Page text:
South Korea has the fastest internet in the world. But this tiny, tech-obsessed republic isn’t satisfied with that. What was just a few decades ago considered a flyspeck, rice republic is today a global tech hub and economic powerhouse. Much like post-war Japan, exports have become its bread and butter. And so, South Korea sees the 2018 Olympic Winter Games as a stage to exhibit its innovative spirit and technological prowess. The specific focus is its progress on 5th generation wireless telecommunications (5G).

KT Corporation, one of South Korea’s largest Telecoms, is offering 2018 Olympic spectators a 5G experience, allowing them to watch events in HD video, either on a 5G equipped tablet or VR headset. Events are streamed live nearly in real time. The delay is one millisecond, much too short for a human to notice. That means you could watch a bobsled zoom down its track at 125 mph through an athlete’s head cam and feel as if you’re in it. Some snowboarders will wear 5G headcams as well.

Four Olympic stadiums and an exhibition area are now equipped with 5G, as of Feb 13. Visitors are able to stream speed skating, figure skating, and ice hockey, and can even pick the viewpoint from which they watch. One can also follow the progress of a cross-country skier and check out different vantage points due to multiple 5G cameras mounted along the track.

Another cool option is TimeSlice, which utilizes 100 cameras set up around Gangeung Ice Arena. This allows for a 360º look at, say, an ice skater performing a pirouette. You can also pause the action and look at what the athlete is doing from one of any number of different vantage points. Olympic spectators can also visit the Gangneung 5G promotional space, where they can carry the Olympic torch or play ice hockey through a VR headset. Selected guests will even be able to take a ride on a 5G enabled, self-driving bus.

A dove made of handheld LED lights used by performers in the opening ceremony of the 2018 Winter Games, meant to symbolize peace. Credit: Getty Images.

5G already impressed the world when, during the opening ceremony, 1,200 LED candles held by performers formed an enormous dove. “Brightness and flickering of the candles had to be synchronized with the music and performers’ movements,” a KT official told The Korea Herald. “This could be possible because of 5G’s super low latency and seamless connectivity in controlling the candles.”

KT Corp., formerly Korea Telecom, is striving ahead of rivals SK Telecom and LG U+, who have also put forth 5G plans. Their visions haven’t been as clearly focused and concrete, however. During a joint ceremony on Jan. 31, KT Chairman Hwang, Chang-gyu announced, “We are showcasing the world’s first ‘5G Olympics,’ running the first large-scale 5G network system in PyeongChang two years before the expected timeline.” South Korea plans to see a massive rollout of 5G a year before the rest of the world, in 2019 rather than 2020.

How 5G was first used, however, was not as impressive. The streaming technology helped to scare away wild boar from the Olympic site, using tiger sounds, strategically released gases, and beams of light. Wild boar have apparently become quite a nuisance to farmers in this rural province.

Virtual reality (VR) is also becoming a big deal at this year’s Winter Games. 5G cameras capture footage of dozens of events and stream them directly to VR headsets. Intel and Samsung helped to provide the 5G Olympic spectators are enjoying. While Intel and NBC are helping with the app used with VR.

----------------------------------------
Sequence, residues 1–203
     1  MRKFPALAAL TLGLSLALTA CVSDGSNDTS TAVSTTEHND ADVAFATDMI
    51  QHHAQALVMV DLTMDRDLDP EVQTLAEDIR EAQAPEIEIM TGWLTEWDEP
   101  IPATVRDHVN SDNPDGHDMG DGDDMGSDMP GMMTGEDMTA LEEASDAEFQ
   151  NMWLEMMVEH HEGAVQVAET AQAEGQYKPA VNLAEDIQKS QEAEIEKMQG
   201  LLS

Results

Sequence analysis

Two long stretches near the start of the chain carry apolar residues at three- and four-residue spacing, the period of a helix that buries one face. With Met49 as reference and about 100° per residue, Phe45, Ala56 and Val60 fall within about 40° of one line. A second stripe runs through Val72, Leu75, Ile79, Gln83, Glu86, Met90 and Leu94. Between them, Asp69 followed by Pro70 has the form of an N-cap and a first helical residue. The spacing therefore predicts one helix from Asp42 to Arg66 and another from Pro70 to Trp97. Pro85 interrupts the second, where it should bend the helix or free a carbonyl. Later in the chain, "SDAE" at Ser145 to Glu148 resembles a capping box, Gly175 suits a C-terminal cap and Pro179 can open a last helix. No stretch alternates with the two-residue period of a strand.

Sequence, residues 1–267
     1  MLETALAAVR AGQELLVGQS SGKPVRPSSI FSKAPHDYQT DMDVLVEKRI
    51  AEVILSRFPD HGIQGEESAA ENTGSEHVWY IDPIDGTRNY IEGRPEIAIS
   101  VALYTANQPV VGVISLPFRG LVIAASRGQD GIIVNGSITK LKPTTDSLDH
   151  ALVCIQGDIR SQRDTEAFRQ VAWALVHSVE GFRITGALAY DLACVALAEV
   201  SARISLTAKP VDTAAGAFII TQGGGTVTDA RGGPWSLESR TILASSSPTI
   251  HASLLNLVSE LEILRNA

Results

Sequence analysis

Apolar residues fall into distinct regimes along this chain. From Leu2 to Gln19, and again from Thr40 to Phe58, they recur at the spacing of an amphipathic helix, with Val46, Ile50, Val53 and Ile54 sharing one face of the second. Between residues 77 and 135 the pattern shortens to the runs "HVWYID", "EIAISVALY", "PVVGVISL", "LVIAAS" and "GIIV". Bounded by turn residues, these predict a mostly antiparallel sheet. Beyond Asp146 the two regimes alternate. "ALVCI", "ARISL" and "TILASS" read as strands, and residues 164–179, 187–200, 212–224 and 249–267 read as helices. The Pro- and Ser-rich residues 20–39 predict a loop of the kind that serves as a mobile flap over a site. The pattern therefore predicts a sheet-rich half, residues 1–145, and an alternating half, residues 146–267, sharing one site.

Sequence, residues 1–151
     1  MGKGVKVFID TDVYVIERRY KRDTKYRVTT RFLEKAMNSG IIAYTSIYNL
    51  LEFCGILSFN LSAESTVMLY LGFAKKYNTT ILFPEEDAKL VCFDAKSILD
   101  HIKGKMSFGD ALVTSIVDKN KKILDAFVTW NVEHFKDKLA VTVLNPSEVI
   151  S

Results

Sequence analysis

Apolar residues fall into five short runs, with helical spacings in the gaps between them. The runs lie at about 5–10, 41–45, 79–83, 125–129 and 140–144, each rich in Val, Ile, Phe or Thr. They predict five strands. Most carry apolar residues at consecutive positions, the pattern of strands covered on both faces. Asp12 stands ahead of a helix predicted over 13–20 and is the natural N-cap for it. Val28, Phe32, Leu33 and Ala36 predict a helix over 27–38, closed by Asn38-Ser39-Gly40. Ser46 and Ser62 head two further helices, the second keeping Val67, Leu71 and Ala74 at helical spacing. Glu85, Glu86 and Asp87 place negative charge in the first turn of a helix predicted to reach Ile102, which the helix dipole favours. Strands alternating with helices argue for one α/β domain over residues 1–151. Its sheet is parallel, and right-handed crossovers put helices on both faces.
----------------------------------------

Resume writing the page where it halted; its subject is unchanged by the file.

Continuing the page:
A 5G equipped VR headset allows spectators to experience Olympic ice hockey as if they were on the ice. Credit: Getty Images.

With 5G, you can download a movie in HD in just two seconds. It promises speeds of at least 20 gigabits per second, if not faster. Experts say fifth generation wireless is at least ten times faster than its predecessor and has a response time of less than 0.001 seconds.  But 5G isn’t just set to change events and entertainment. It will produce an interconnected web of smart devices that will offer never-before-seen options and capabilities.

Known as the “internet of things,” all of our devices and home appliances—from the fridge and coffee maker to the car, our dog’s collar and our smartphone—will be interconnected and communicate with one another on our behalf. Public infrastructure like stoplights will be connected to a 5G network, too, going on and off when it makes sense rather than at uniform intervals. Drones, self-driving car, robots, wireless sensors, and A.I. will all help find ways to better manage work, education, transportation, healthcare, and offer new options never dreamed of.

In fact, engineers are having a hard time predicting all the changes that’ll come, as is often the case with a paradigm shift caused by disruptive technology. One good thing for companies which is bad for consumers is that 5G will need a whole new generation of tablets, smartphones, and computers in order to access it. Around one billion people worldwide are expected to embrace 5G within the next five years.

The internet of things will operate on what’s known as “network slicing.” Using bespoke networks, each device can receive the exact kind of connectivity it needs. Some current drawbacks include that telecoms aren’t sure what vulnerabilities 5G networks may have, a serious concern in a world where hacking is becoming an increasingly serious threat. Also, it’ll cost consumers more and telecoms will need to set up more antennae and other equipment, which may mean a slower roll-out than with 4G.

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